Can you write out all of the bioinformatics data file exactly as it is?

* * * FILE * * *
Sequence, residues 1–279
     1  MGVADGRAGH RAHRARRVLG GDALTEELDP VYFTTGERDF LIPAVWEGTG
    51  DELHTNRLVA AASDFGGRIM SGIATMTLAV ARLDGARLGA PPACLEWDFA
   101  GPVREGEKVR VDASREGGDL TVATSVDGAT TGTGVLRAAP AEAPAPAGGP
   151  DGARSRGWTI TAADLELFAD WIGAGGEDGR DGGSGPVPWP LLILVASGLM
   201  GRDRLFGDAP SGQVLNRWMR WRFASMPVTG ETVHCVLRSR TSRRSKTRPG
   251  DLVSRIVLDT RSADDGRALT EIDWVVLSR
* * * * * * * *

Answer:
Sequence, residues 1–279
     1  MGVADGRAGH RAHRARRVLG GDALTEELDP VYFTTGERDF LIPAVWEGTG
    51  DELHTNRLVA AASDFGGRIM SGIATMTLAV ARLDGARLGA PPACLEWDFA
   101  GPVREGEKVR VDASREGGDL TVATSVDGAT TGTGVLRAAP AEAPAPAGGP
   151  DGARSRGWTI TAADLELFAD WIGAGGEDGR DGGSGPVPWP LLILVASGLM
   201  GRDRLFGDAP SGQVLNRWMR WRFASMPVTG ETVHCVLRSR TSRRSKTRPG
   251  DLVSRIVLDT RSADDGRALT EIDWVVLSR